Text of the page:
It’s a brilliant premise; two strangers meet on a train, exchange stories and discuss swapping murders to fool the police. One man, Charles Bruno, takes the conversation seriously, disposing of Miriam, the unfaithful and inconvenient wife of architect Guy Haines. Guy, however, assumed it was a drunken nonsense and much of the story involves the pressure on him to uphold his end of the bargain. Based on the Patricia Highsmith novel and the superb Hitchcock film, this play has fantastic source material, yet somehow fails to live up to either.
Let me first say that the stage design is pretty spectacular; the creation of the various settings from a 50s train carriage to New York apartments, and especially the Metcalf merry-go-round are amazing. There’s some brilliant use of video creating the sense of a moving train, and projecting various motifs which is unlike anything else I’ve seen. The acting is pretty decent as well; Laurence Fox does well as the crumbling Haines, an everyman unravelling as events overtake him, whilst Imogen Stubbs has a nice role as a glamorous and fey Mrs Bruno. Jack Huston is an eccentric and obsessive Bruno, although I would have liked a bit of menace in his performance. It’s hard to believe Haines would feel threatened and not dismiss him as a crank. You can’t help but compare with Robert Walker’s perfectly pitched and disturbing film performance.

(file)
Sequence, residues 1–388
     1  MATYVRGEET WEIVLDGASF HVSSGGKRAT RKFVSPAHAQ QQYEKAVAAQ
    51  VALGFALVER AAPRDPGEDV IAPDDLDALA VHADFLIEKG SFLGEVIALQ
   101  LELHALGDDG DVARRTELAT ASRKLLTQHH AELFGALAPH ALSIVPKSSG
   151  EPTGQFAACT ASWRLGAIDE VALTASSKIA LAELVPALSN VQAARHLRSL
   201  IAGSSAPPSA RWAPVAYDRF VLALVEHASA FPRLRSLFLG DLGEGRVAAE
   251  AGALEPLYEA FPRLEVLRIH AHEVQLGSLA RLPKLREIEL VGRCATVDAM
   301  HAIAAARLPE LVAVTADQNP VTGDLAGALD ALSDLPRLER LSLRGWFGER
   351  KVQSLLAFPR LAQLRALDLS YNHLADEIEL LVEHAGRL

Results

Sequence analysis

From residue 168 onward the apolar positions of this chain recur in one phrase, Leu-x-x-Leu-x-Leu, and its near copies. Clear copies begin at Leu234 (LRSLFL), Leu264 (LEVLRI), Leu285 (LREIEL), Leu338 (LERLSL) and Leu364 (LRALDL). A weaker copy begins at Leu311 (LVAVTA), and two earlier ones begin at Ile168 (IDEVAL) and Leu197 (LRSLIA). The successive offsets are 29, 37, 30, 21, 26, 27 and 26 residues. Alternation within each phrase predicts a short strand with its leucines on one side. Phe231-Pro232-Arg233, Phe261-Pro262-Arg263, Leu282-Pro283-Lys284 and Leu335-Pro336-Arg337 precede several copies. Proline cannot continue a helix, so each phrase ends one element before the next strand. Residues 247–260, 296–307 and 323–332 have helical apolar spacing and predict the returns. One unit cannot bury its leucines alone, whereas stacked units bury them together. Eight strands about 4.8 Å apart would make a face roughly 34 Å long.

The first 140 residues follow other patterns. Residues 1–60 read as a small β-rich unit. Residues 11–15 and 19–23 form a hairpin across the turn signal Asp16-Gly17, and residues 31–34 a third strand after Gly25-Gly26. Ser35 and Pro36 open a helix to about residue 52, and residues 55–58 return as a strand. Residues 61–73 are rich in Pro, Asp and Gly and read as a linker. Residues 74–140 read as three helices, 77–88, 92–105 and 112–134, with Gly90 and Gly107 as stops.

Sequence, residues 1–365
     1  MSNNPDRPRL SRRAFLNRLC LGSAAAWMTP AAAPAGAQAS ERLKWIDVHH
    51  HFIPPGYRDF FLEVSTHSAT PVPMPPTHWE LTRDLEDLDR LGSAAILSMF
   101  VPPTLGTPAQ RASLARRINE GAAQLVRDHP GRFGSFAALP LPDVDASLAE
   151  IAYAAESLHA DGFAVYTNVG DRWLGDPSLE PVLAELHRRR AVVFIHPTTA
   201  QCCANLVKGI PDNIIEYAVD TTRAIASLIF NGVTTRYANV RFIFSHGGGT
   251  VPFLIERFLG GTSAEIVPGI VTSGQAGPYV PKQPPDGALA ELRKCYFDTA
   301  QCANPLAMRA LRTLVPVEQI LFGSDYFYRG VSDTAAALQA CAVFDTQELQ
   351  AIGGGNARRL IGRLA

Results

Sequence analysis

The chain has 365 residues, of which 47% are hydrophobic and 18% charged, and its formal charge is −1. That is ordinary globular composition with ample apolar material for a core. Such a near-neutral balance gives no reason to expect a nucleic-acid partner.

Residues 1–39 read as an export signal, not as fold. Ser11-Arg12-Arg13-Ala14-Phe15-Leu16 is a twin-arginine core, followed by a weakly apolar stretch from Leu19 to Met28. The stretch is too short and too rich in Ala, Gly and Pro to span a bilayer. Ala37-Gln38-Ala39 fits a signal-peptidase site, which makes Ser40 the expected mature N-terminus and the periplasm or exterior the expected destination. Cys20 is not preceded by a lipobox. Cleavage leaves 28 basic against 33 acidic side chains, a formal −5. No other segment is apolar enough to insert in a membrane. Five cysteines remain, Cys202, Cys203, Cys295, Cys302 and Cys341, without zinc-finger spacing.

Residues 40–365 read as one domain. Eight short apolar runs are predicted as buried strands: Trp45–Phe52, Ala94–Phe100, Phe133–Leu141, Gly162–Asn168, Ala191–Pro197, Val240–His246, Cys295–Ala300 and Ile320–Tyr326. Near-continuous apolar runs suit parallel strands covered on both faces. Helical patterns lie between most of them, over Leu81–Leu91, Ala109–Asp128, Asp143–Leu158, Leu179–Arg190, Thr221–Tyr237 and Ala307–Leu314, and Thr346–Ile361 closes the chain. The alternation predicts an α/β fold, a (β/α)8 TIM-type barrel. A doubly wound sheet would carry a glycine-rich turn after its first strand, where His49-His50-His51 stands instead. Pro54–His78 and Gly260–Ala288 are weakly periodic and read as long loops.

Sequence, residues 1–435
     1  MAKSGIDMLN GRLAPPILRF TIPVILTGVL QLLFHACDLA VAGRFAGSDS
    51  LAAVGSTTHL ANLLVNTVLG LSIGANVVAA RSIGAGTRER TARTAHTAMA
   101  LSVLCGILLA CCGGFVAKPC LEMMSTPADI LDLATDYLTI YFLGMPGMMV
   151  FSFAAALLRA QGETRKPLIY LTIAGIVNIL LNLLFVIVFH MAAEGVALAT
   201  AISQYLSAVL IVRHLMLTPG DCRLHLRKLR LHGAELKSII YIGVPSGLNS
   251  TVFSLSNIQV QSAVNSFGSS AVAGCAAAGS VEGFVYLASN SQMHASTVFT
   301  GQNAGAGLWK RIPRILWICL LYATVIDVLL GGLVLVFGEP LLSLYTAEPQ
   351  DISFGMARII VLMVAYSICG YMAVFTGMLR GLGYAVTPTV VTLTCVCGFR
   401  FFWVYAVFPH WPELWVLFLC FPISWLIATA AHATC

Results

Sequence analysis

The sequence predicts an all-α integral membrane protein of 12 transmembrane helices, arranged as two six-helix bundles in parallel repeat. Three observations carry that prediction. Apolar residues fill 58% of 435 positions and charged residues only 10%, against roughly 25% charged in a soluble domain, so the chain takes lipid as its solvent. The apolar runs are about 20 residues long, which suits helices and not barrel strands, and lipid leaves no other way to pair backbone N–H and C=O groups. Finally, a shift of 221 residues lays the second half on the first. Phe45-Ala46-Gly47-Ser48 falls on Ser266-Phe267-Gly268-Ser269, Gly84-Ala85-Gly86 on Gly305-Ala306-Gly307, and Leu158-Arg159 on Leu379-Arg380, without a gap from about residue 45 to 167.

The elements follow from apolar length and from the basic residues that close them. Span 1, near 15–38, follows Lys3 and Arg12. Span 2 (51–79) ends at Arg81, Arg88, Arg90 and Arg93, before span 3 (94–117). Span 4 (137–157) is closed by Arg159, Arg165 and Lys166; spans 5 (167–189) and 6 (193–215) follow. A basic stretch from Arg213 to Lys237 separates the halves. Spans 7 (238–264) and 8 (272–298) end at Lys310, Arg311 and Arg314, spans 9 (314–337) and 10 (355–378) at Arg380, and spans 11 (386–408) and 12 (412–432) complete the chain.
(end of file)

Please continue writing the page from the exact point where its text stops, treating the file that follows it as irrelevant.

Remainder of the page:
The real problem here is the script; the first half bounces from scene to scene without any proper time to understand the characters, their motivation and the risks they take; the second act needs a red pen through a number of extraneous scenes that add nothing to the plot and just delay what could be a much tighter conclusion. This play needs to be taken away for a few weeks, rewritten and edited before coming back for another try. First, they need to decide whether it’s paying homage to Highsmith or Hitchcock – at the moment it’s veering unsuccessfully between the two and ends up being a bit of mess character-wise.
Most important of all is the scene in the train, which is where this play begins, but it fell flat. They messed this up and it has ramifications for the rest of the play. It should be the crux of the drama, the Faustian pact is set; whether or not the characters know it at the time, their lives change from this point and the audience, at least, should feel the importance of that moment. So, it needs to be longer; we need to know who these men are, the extent of their disappointments, and why on earth the sensible Haines would share any of his secrets with Bruno. It must also explain the origins of Bruno’s obsession with him – it makes more sense in the film because he’s a famous tennis player, but here he’s an architect and I couldn’t really understand the fixation. Fundamentally, this scene has to lay the groundwork for the character and plot developments that follow.
There are a lot of great elements here, a fantastic story, good acting and spectacular design, not to mention the production expertise of Bond powerhouse Barbara Broccoli and Michael G Wilson. This should be so good! And I really think it can be – it just needs a script more worthy of Highsmith and Hitchcock